Then came the modern era, and with it games like Grand Theft Auto III and Morrowind, titles that both blew previously held expectations about size and scale out of the water. You see that mountain? You can not only go there, but you can build a summer house there!

Battle Princess of Arcadias got lost on the way up that mountain, trapped in a quagmire of seemingly arbitrary game modes and needlessly complex systems that do little to improve the otherwise solid experience.

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RPG Club Plays Bastion: Week 4

the quiet after the storm

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After going AWOL for a week and a half, the RPG Club is back with some concluding thoughts to offer as we salute Supergiant Games’ first masterpiece and reflect on some of the things that make it so wonderful despite any of its individual flaws. (more…)

Nothing To Lose And Everything To Gain

Deep Breathing: A Review of 1001 Spikes

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There’s something immensely comforting about 8bit Fanatics’ 1001 Spikes.

For all its seemingly arbitrary ‘masocore’ trappings – a genre built on broken controllers and unvarnished obscenities, popularized by stuff like Super Meat Boy and deepcut I Want To Be The Guy – it’s actually an impossibly fair game. Everything works according to a set a very simple rules, rules that are communicated not through blocky white text or cute little mice, but instead through blood, sweat and tears.

Sure, the first time you clear that series of vanishing Heat Man-esque platforms only to land on a spike trap that you couldn’t have predicted, you might want to snap your controller in half like a very expensive Kit-Kat bar. But that’s the beauty of it – next time you’ll remember what those fucking asshole designer dickbags (you might shout if you’re me) have in store for you.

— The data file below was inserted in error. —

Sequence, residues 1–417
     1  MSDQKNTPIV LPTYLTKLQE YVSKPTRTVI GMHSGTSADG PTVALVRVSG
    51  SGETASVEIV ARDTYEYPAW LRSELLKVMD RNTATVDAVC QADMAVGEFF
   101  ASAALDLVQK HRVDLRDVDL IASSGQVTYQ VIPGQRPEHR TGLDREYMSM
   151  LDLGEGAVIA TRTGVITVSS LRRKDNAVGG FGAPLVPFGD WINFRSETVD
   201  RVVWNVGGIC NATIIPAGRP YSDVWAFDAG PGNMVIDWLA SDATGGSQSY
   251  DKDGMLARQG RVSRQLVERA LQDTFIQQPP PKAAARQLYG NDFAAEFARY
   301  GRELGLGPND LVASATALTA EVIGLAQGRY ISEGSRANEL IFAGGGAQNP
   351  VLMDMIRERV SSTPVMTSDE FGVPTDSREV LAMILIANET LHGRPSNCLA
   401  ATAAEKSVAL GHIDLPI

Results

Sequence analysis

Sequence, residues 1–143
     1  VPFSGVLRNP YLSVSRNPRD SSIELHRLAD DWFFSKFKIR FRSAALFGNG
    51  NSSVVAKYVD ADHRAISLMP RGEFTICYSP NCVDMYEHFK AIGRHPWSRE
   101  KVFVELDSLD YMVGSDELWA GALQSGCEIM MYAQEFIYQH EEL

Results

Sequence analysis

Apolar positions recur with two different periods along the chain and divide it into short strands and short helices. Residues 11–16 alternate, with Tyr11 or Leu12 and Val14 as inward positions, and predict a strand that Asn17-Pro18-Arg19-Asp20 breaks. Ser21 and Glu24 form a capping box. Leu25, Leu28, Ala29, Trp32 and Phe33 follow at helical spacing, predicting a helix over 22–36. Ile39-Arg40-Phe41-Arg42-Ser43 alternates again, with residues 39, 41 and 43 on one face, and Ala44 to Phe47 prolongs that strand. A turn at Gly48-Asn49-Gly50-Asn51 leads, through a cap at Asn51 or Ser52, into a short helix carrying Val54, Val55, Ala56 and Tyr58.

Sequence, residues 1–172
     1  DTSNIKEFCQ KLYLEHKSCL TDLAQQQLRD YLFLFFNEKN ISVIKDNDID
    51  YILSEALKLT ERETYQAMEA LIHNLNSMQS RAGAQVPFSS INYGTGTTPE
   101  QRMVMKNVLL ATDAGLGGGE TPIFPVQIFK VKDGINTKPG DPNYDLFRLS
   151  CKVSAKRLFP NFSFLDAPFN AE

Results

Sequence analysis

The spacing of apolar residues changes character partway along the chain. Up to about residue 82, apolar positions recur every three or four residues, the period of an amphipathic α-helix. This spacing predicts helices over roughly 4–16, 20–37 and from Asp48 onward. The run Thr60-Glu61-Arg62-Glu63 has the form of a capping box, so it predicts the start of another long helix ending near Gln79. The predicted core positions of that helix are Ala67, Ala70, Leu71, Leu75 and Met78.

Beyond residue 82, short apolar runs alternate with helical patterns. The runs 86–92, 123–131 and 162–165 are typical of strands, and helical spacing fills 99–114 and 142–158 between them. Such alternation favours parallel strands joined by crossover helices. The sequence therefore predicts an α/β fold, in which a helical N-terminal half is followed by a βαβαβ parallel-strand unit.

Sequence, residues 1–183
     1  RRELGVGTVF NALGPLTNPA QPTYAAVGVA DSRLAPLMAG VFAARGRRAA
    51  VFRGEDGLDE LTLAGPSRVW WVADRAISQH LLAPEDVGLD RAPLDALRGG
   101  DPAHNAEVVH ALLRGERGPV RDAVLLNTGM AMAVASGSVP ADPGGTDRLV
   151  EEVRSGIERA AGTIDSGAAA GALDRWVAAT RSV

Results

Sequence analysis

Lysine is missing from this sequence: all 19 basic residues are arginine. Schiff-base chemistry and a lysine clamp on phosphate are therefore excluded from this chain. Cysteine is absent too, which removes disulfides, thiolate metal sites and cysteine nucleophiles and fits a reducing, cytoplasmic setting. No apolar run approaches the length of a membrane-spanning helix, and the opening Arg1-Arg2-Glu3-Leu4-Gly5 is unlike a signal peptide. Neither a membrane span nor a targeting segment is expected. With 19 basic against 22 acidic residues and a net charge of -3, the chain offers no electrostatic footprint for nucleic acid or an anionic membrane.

You’ll land, hear that tell-tale click, and leap out of danger…into another spike trap. But that trap? One square closer to the exit. You’re making progress.

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On The Eve Of Replaying Persona 4

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I love Persona 4 like Nicolas Cage loves Pachinko. And I might love Persona 3 more. These two games were the most revolutionary Japanese role playing games to come out of Japan in the last decade; I’m the kind of person who could debate Persona 3 or Persona 4 for hours.

(There is no right answer to that question, by the way. Persona 4 is the better game, but Persona 3 hits you right in the proverbial feels.)

I’ve beaten both of them just once, though I’ve watched people go through both of them with absolute giddiness. There’s reasons I’ve only played them once. For one, they are intensely lengthy affairs: my first playthroughs were ninety hours each, and I’m not the type to stop and smell the roses. With Persona 3, there’s another obstacle: that game is so emotionally exhausting for me that just listening to “Memories of You” from the soundtrack destroys me. Just typing that sent a wave of something through me*.

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RPG Club Plays Bastion: Week 2

Finding solace in a world destroyed.

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Tom Auxier

Having played Transistor so recently, it’s no surprise my thoughts about it were affected by Bastion. Namely: Transistor fails at the thing that Bastion did the best, which was provide the player agency while not removing any from the character. (more…)